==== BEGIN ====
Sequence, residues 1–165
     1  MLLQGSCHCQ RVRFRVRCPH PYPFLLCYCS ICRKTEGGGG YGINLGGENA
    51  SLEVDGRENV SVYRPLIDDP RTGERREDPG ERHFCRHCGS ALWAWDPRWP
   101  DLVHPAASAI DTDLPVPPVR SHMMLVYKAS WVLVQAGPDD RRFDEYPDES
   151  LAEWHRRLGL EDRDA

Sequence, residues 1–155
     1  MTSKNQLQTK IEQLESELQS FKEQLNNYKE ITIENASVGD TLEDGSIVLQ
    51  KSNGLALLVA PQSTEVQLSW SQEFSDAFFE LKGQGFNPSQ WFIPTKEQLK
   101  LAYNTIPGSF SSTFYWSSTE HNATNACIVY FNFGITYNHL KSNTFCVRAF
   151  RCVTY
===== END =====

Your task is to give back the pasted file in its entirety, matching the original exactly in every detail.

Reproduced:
Sequence, residues 1–165
     1  MLLQGSCHCQ RVRFRVRCPH PYPFLLCYCS ICRKTEGGGG YGINLGGENA
    51  SLEVDGRENV SVYRPLIDDP RTGERREDPG ERHFCRHCGS ALWAWDPRWP
   101  DLVHPAASAI DTDLPVPPVR SHMMLVYKAS WVLVQAGPDD RRFDEYPDES
   151  LAEWHRRLGL EDRDA

Sequence, residues 1–155
     1  MTSKNQLQTK IEQLESELQS FKEQLNNYKE ITIENASVGD TLEDGSIVLQ
    51  KSNGLALLVA PQSTEVQLSW SQEFSDAFFE LKGQGFNPSQ WFIPTKEQLK
   101  LAYNTIPGSF SSTFYWSSTE HNATNACIVY FNFGITYNHL KSNTFCVRAF
   151  RCVTY